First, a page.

This piece is a summary of the new report, “Girls’ transitions to work through higher-quality TVET programs in Nepal”
Nepal has made significant progress in sending children to school over the last two decades; the Ministry of Education reports that the country has nearly achieved universal primary education, as well as gender parity in enrollment at the primary and secondary levels. However, school dropout is still a big challenge: Only 20 percent of children at the primary level complete high school, and girls are at higher risk of dropping out. What’s more, most students who complete secondary and even tertiary education remain unemployed. The current mainstream educational model doesn’t align well with labor market needs, but technical and vocational education and training (TVET) could provide an alternative pathway to work. Through policy measures encouraging young adults—particularly girls—to participate in TVET programs, government can help improve the transition to the workforce.
In this video, Anil Paudel, 2019 Echidna Global Scholar, discusses the importance of investing in a gender-transformative TVET education to help improve girls’ real-world employability.
Labor force statistics suggest that educational gains have not translated into labor market gains for women. Despite making up 56 percent of the working-age population, only around 26 percent of women participate in the labor force, compared to almost 54 percent of males. Many women who do have a job are employed in the informal sector, characterized by poor working conditions and wages. Even more sobering, the employment to population ratio is just 15.4 percent for women compared to 31.2 percent for men between the ages of 15 and 24. Strikingly, almost half of female youth between the ages of 15-34 are not in employment, education, or training (NEET), compared to one in five male youth. Females are also on average paid less than males, and their chances of getting high-level professional jobs are slim to none.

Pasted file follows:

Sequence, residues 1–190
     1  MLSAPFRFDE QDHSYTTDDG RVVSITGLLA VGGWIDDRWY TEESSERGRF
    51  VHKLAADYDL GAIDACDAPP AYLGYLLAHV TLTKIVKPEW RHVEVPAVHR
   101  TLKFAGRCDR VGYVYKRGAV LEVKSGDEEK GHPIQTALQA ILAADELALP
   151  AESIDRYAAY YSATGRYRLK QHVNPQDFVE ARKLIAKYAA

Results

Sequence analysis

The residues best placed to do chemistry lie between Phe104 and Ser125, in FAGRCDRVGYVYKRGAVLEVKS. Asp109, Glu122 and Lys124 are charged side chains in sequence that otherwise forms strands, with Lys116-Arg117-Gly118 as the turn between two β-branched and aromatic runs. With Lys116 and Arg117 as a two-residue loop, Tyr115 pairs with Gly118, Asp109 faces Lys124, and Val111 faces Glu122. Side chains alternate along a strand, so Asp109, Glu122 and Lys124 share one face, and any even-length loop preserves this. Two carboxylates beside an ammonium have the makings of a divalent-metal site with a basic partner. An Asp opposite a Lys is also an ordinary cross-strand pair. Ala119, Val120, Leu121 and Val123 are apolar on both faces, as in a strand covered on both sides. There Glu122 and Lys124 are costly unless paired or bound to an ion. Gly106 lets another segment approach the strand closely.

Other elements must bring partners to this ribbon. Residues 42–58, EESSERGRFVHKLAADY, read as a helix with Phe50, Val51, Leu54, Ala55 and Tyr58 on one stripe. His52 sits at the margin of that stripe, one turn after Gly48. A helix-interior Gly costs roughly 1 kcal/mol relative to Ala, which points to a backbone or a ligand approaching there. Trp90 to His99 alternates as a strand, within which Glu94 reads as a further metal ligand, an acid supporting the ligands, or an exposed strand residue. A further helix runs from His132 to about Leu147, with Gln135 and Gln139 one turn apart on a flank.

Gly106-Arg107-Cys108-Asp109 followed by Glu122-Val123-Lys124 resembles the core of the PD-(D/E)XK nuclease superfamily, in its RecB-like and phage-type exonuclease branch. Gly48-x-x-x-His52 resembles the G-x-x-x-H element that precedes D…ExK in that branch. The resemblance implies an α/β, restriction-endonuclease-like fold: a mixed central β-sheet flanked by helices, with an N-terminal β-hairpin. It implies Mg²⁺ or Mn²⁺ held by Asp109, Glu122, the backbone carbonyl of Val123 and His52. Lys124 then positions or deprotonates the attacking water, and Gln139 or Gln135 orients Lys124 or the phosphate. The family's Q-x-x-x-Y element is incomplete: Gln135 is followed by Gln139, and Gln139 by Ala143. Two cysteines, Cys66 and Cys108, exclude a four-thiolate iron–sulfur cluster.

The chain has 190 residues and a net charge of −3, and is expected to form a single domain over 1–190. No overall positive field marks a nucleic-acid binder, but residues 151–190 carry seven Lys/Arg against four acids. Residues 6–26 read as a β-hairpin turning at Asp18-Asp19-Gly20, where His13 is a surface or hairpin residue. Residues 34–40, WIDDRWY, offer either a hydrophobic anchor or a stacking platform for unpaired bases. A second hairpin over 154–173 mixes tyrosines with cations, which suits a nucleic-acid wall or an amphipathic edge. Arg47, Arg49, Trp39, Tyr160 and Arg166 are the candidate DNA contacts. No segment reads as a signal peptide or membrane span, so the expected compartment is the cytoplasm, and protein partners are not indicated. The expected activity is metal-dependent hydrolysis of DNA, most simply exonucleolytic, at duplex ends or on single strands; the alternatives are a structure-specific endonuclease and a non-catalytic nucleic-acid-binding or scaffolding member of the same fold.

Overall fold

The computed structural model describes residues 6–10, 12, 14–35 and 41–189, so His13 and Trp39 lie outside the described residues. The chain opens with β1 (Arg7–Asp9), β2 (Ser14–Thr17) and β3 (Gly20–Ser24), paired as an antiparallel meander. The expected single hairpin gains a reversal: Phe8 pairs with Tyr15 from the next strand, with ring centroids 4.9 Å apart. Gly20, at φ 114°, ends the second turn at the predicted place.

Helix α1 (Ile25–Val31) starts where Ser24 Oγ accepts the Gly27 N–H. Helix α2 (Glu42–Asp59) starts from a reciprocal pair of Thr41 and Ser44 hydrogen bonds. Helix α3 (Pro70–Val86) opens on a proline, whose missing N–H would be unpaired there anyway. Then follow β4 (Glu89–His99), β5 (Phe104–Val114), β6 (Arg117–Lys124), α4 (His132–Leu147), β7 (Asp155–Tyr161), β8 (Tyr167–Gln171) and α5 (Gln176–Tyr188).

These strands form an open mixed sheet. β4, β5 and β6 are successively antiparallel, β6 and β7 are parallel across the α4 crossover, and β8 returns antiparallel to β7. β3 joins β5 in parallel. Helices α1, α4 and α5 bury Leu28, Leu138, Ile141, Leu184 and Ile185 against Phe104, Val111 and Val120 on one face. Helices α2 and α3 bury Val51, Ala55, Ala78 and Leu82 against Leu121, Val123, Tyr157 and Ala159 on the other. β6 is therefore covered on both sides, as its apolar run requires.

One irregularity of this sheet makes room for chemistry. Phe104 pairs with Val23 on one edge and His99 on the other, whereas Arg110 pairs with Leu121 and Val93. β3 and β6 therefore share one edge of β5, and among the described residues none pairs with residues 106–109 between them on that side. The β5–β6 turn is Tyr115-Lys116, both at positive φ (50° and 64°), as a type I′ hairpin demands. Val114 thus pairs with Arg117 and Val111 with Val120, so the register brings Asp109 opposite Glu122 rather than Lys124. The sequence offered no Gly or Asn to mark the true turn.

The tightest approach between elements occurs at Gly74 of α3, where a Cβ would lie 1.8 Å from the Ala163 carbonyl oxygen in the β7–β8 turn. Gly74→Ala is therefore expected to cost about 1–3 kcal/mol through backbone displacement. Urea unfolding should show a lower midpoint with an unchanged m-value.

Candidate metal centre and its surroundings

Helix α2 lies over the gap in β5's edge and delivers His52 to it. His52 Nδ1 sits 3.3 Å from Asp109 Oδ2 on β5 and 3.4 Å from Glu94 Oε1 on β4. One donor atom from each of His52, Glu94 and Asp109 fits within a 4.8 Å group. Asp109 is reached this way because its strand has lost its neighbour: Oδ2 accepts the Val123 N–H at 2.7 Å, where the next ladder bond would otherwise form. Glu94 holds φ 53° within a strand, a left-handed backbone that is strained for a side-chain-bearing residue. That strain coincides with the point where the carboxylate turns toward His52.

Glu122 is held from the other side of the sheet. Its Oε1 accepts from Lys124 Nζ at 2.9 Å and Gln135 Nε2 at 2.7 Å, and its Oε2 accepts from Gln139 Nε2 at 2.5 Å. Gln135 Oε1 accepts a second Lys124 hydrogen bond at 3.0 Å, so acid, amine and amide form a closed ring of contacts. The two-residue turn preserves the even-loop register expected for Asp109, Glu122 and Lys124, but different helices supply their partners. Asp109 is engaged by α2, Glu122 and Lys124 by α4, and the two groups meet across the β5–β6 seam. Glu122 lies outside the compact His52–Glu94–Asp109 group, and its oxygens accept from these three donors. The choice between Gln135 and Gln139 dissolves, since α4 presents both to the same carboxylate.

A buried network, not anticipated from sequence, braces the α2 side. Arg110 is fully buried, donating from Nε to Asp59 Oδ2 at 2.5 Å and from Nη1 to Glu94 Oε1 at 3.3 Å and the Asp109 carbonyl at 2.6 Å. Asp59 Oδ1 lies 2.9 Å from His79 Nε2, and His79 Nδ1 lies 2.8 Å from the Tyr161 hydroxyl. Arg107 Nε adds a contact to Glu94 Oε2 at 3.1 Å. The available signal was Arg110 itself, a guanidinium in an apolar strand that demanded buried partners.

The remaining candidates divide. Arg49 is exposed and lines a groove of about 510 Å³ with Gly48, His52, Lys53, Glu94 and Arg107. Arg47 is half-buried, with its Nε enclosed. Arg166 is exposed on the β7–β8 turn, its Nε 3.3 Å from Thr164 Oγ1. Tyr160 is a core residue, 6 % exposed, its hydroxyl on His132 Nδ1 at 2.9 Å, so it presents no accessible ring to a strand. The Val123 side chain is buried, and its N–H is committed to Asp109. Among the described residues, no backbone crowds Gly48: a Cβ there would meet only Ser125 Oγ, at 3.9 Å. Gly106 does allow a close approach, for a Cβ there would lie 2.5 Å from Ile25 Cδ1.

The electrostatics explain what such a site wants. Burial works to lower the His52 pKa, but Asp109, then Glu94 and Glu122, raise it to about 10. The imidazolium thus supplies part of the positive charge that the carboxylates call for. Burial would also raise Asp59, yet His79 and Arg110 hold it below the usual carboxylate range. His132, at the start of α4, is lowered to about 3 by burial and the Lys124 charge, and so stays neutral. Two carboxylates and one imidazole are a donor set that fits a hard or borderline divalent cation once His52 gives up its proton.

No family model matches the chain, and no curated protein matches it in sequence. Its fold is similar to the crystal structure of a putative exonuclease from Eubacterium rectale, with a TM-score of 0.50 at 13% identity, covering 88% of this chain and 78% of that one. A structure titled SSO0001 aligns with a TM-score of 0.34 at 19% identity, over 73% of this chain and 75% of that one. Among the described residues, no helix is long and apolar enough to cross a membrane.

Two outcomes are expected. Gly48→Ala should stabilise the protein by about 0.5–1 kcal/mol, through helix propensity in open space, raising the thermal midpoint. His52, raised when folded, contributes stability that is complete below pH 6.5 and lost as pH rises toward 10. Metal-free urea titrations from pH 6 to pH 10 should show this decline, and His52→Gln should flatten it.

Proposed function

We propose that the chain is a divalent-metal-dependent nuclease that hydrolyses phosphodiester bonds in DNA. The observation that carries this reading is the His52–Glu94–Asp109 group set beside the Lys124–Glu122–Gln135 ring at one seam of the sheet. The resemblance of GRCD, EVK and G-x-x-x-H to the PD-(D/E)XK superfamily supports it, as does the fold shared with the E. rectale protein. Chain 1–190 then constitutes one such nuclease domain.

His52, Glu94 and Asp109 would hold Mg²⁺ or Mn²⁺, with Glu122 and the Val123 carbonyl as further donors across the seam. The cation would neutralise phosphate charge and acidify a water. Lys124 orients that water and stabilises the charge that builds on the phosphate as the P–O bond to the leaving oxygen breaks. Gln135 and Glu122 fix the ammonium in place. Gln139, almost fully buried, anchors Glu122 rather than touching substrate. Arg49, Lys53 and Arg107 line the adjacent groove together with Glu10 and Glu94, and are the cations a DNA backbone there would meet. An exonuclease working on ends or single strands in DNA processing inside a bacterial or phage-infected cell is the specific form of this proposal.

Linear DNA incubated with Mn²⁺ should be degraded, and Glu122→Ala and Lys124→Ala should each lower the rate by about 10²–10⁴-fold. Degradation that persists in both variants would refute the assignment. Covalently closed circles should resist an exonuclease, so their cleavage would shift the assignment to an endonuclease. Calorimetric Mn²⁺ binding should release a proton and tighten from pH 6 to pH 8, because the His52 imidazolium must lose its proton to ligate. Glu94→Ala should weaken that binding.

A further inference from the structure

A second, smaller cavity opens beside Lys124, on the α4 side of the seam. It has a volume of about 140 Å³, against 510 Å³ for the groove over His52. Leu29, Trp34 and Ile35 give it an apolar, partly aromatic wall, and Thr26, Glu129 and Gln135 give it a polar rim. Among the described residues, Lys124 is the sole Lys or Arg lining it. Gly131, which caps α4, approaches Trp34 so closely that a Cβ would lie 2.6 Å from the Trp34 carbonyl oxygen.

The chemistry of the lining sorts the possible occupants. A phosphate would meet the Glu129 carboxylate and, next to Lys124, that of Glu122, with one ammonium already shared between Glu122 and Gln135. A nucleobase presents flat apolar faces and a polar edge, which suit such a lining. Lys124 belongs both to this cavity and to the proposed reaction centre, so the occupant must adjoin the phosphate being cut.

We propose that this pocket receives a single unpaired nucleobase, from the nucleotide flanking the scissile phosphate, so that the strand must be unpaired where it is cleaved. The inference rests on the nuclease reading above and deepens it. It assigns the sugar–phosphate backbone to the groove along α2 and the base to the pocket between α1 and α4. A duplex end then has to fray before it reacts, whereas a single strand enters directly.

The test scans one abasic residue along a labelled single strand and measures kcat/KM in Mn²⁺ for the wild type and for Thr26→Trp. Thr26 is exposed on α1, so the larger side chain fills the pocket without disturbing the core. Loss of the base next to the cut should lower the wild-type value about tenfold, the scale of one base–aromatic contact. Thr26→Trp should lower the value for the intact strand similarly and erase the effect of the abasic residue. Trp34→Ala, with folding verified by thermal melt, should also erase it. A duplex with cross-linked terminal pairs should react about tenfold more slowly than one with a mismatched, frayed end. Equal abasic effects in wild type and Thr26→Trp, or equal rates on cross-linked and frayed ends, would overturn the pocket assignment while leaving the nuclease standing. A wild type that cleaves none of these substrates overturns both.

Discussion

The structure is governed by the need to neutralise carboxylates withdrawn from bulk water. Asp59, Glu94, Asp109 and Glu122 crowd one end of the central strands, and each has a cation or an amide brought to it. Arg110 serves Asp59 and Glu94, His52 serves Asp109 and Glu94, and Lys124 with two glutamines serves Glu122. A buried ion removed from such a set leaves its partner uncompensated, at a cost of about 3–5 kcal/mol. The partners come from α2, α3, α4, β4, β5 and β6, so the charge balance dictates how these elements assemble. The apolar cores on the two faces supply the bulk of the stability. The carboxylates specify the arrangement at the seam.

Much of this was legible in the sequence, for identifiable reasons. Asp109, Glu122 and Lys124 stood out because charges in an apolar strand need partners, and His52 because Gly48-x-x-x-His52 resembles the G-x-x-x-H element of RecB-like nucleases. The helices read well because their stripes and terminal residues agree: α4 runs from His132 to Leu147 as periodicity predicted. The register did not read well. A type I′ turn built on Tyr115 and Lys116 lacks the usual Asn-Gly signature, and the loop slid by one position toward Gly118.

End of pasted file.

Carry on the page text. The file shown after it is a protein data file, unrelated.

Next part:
To address these labor market failures, policymakers should shift the focus toward bridging education and employment. Studies suggest that transition rates to the workforce are higher for those with TVET qualifications than those without. TVET could help connect students to specific industries and provide skills demanded by specific occupations, thus improving real-world employability.
Nepal’s inattention to TVET undercuts its educational goals, and has particularly dramatic consequences for girls. Girls’ participation in TVET could substantially increase their labor force participation, but it must be gender-transformative to ensure equitable gender participation in all areas of training. My forthcoming policy brief found significant barriers to girls’ participation in TVET programs and their acquisition of skills needed for lucrative, traditionally male-dominated occupations. These barriers include TVET underinvestment, limited information and opportunities, an unregulated labor market, and social and gender norms that view TVET as education for working-class men. When TVET is available for women, it often pushes them into fields of study that fit stereotypical social and reproductive roles, such as nursing and caregiving.
To realize education’s promise of a pathway to decent employment for all, there must be increased investment in a gender-transformative TVET that aligns girls’ skills with market demand, including combining them with entrepreneurship and life skills, and providing space to disrupt gender stereotypes. Application of the ACT framework—improving girls’ access to TVET programs, enabling their completion of TVET programs, and facilitating their transition to work—could allow Nepal to finally realize the promises of education. After all, the 2030 Agenda for Sustainable Development envisions the world with full gender equality, where women and girls are empowered (SDG 5), have equal access to quality education (SDG 4), and have equal participation in the labor market (SDG 8). To achieve these goals, Nepal’s government must partner with the private sector and civil society to invest in gender-transformative TVET.